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Organizing And Maintaining a Healthy Medicine Cabinet

Organizing And Maintaining A Healthy Medicine Cabinet (300 x 293)Your medicine cabinet is a miniature closet that holds your most personal products and tools, and yet it’s often the most neglected spot in your bathroom. If you want to take yours from vertical junk drawer to organized awesomeness, follow these easy steps… and give nosey visitors cabinet envy!

  1. Start With a Good Purging

As with any closet organizing effort, you’ll want to start with a blank slate. Empty everything out and give the interior a good, disinfecting scrub. Get rid of anything that you don’t use. Toss lotions and lipsticks of suspicious origin, or nailbrushes that have been with you since the Bush administration. Get ready to put back only what you use most often, and find another space for things that get pulled out less frequently, in baskets under your sink or in a nearby closet.

  1. Taking the Medicine out of Your Medicine Cabinet

Despite its name, this is not the smartest place to store your prescriptions or over the counter medicines. Drugs are perishable and their efficacy can be affected by the humidity and changing temperatures in your bathroom. You should keep a stock of remedies on hand to be prepared for minor illnesses, colds, headaches, etc., however, store these items in airtight containers elsewhere in your house, like your linen closet or refrigerator, and always out of reach of children and pets. (Read the product label for storage guidelines.)

A note about storing medicine: It’s important to keep these perishable items current, so mark your calendar and check expiration dates every six months. When discarding old medications, the safest way to dispose of them is to wait for a FDA Drug Take Back Day … better safe than sorry! For complete information on how to dispose of drugs, visit the FDA website.

  1. Determine What To Move Back In

This prime real estate known as your medicine cabinet should be reserved for the most important or favorite daily use items. It may be contact lens solution or facial moisturizers, mouthwash or frizz-control cream. Whatever you reach for most often when standing over your bathroom sink, is what should live in your medicine cabinet.

  1. Fit is Fabulous!

Adjust the shelves to accommodate taller items like shaving cream and toothbrushes. Add small risers to make the most of the available vertical space and use clear organizers to collect small items like cotton swabs and nail files, to keep the shelves uncluttered. Glass surgical jars are great for keeping items dry and sanitary and affixing a small magnet inside the cabinet door means you’ll never have to search for tweezers, scissors or bobby pins again!

  1. Make it Manageable

It’s likely that you purchase your most frequently used items like hair products or makeup remover in large quantities, which can make them difficult to store on shallow medicine cabinet shelves. Use smaller bottles that fit your cabinet’s shelves and dispense a couple of weeks’ worth of product into them at a time, then stash the larger supplies in your closet, leaving the cabinet and countertops clutter-free.

When was the last time you cleaned out your medicine cabinet? What do you reach for every day? Share with us your top three can’t-live-without-them products from your medicine cabinet in the comments below.

How To Prepare For Your Kitchen Renovation Project: Get Organized Now Or You Could Regret It Later

Get Organized for Your Kitchen Remodel (300 x 300)A kitchen remodel is no small undertaking and without proper planning and preparation, your dream kitchen can quickly turn into a nightmare. Before you get started, consider these tips on how to plan a smooth and successful renovation.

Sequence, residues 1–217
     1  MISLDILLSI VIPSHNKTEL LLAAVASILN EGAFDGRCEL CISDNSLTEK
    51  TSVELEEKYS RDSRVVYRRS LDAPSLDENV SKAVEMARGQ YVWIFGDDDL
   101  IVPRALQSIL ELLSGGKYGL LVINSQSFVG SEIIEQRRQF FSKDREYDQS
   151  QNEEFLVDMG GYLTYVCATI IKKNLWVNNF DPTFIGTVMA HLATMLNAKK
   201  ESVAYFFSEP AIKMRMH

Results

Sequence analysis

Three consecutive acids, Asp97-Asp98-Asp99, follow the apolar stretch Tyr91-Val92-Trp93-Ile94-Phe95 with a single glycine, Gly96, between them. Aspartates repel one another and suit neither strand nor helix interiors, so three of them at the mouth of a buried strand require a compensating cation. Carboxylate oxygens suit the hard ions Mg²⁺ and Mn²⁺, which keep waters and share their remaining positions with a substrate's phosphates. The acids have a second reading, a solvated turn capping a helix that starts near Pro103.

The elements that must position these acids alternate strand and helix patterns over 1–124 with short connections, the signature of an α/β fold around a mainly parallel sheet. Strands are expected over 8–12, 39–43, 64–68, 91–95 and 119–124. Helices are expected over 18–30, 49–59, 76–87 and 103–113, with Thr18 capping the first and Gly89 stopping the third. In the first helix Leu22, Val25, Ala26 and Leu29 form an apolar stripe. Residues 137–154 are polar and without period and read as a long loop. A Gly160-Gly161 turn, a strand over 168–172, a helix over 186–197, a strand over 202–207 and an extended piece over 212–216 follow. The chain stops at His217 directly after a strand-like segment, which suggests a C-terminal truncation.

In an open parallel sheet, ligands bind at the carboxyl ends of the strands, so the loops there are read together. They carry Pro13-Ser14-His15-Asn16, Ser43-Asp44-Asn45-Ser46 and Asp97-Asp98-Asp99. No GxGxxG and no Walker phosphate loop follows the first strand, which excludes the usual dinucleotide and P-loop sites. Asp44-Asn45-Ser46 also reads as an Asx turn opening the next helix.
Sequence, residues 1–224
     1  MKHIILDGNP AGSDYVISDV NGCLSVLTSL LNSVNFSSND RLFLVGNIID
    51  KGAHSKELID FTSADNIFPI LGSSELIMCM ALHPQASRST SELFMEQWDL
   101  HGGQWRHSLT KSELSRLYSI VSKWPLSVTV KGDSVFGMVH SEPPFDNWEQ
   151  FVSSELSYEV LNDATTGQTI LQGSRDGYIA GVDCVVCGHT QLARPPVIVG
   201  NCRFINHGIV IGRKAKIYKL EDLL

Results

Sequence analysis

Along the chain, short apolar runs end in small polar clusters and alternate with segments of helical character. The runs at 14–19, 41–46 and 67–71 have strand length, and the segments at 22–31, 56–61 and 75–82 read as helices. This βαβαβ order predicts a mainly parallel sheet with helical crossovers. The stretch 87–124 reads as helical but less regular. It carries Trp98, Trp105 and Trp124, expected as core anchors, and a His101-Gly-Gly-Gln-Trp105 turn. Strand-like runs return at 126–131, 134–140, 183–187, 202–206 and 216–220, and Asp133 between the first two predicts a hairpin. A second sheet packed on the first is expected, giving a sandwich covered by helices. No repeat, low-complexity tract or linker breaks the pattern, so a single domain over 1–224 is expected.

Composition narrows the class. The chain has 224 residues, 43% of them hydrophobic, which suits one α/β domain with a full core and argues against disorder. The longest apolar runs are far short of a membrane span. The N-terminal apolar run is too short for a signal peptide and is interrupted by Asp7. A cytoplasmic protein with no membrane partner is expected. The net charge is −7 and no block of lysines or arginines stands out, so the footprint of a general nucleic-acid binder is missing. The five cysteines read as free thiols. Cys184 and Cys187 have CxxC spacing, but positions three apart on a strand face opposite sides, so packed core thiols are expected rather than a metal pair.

Before You Plan, Dream

And dream BIG! Check out design magazines and collect photos of the spaces that inspire you. It’s always good to start with an “if money were no object” vision of your dream renovation. Although such extravagance may not be in the cards for you right now, you can often find a couple of lower-cost options to replicate elements of your ideal space.

Whether you’re dreaming of upgraded appliances or new cabinetry, thorough research is crucial to making the right decisions. Determine which splurges are worth it by asking around and reading as much as you can online. With some choices being about function (appliances, plumbing and electrical changes) and others being strictly aesthetic (glass front cabinets, new backsplash), it’s important to know what your top priorities are. Make a list of your must-have items, like that new stove or a dishwasher, and make sure you don’t compromise on what’s most important to you.

Style matters, but in the kitchen, functionality is king. Assess how you use your kitchen to identify what improvements would have the greatest impact. Are you an amateur chef who could benefit from a second sink for food prep, or are you a cookware collector who is interested in improving your storage options with soft-close drawers to replace your cavernous lower cabinets? If available space or finances don’t allow you to have it all, make sure you prioritize well before you get talked into purchases you don’t really want or need.

Before You Buy, Budget

Before you meet with any contractors, or visit any showrooms, have a realistic budget set for the project. Once you’ve identified your budget, you may still be in the dark about what it will afford you in terms of materials and labor. While every job is different, on average, kitchen renovation budgets break down as follows:

  • 29% on cabinetry and hardware
  • 22% on design and installation
  • 16% on walls ceilings floors, doors and windows
  • 14% on appliances and ventilation
  • 10% on countertops
  • 9% on electrical and plumbing

Be sure to leave a healthy contingency in your budget for unexpected overages.

Schedule

Consider the timeline of your project and how it lines up with the rest of your life. Are you planning to be out of town? Have houseguests coming in? Do you have a big work project coming up that will require great concentration and cannot be disrupted by construction noise and workers traipsing in and out of your home? Discuss these concerns with your contactor so you can prepare to work around any potential conflicts.